Boro remembers decorated Forest Hills veteran

Boro remembers decorated Forest Hills veteran

Pat Toro, a former United States Marine and passionate Veterans’ advocate, died at St. Francis Hospital on Long Island at the age of 65.  Photo courtesy Pat Toro Benefit for Life

Pat Toro, a former United States Marine and passionate Veterans’ advocate, died at St. Francis Hospital on Long Island at the age of 65. Photo courtesy Pat Toro Benefit for Life

Nearly 100 family members and friends came out Wednesday in memory of Pat Toro, a decorated U.S. Marine and veterans’ advocate from Forest Hills.

An honor guard was charged with accompanying the casket at his ceremony at Our Lady of Hope church in Middle Village to and from the ceremony while holding American flags, and other retired veterans in the audience donned shirts announcing what sect of the armed forces they were a part of. Pastor Michael Carrano had kind words to say about the decorated veteran as he led the funeral.

“There is a saying in the service that says ‘leave no comrade behind,’ but with Pat, that did not end on the battlefield, it continued,” Carrano said.

Toro succumbed to Myelodysplastic Syndrome, a precursor to leukemia, and died July 3 at St. Francis Hospital on Long Island.

Toro, 65, was sent to South Vietnam as a Marine during the Vietnam War from 1969 to 1970. Upon his return and retirement from the service, he worked for the Port Authority Police Department and was inducted into the New York State Veterans Hall of Fame in 2006.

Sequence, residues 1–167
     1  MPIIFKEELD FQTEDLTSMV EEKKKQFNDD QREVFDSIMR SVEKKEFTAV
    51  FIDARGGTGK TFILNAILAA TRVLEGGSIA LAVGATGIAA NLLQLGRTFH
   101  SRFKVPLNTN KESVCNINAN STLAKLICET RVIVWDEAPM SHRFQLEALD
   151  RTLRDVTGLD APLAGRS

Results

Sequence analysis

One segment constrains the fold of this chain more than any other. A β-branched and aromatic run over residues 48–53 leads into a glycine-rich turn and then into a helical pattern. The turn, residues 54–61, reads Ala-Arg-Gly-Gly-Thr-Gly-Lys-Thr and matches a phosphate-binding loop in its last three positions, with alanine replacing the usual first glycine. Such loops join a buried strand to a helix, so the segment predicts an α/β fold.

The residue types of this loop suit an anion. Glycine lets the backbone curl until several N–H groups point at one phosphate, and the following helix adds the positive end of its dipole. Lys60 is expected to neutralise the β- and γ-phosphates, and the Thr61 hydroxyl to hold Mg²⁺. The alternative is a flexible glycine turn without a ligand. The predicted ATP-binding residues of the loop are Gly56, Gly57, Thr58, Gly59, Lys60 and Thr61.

After Toro retired from the Port Authority, he became an active member of the Queens chapter of the Vietnam Veterans of America.  A former Forest Hills resident, Toro moved to Narrowsburg, N.Y. several years ago.

Paul Narson, president of the Queens VVA chapter, said he and the Toro family believe that Toro’s illness was caused by exposure to the herbicide Agent Orange during his tour in South Vietnam.

The United States Department of Veterans Affairs has recognized that certain diseases, including some strands of leukemia, can be associated with Agent Orange exposure and veterans may be eligible for government benefits for the diseases.

“We’re sad. We lost one of our brothers,” Narson said. “In Washington D.C. there are 58,000 names for lives lost during the Vietnam War. We have lost more than that after the war due to the effects of Agent Orange.”

Senator Joseph P. Addabbo (D-Howard Beach) issued a statement on Tuesday regarding Toro’s death, calling him one of the “strongest and most ardent advocates for veterans” he ever met. Addabbo commended Toro for his devotion to the country and the needs of its veterans.

“I was blessed to have worked with Pat as a city councilman and as a state senator,” Addabbo said. “I will never forget his tenacity and compassion for working towards improving the lives of all veterans.”

Narson, along with the Queens VVA executive board, organized a blood drive on April 15 to collect donations for Toro’s blood transfusions that he was undergoing as part of his treatment. Only 40 volunteers were needed, but Narson said 125 people stepped up to give blood in order to help Toro recover.

“We collected 58 pints and that would have been enough to guarantee his transfusions for as long as he needed,” Narson said. “He was getting transfusions almost up until the point of his death.”

Toro is survived by his wife, Evelyn Toro, a daughter, and other family members. His wake was held on Tuesday at the Hess-Miller Funeral Home and he was laid to rest at the Calverton National Cemetery in Middle Village following a mass at the Our Lady of Hope Church.

By Ashley Helms


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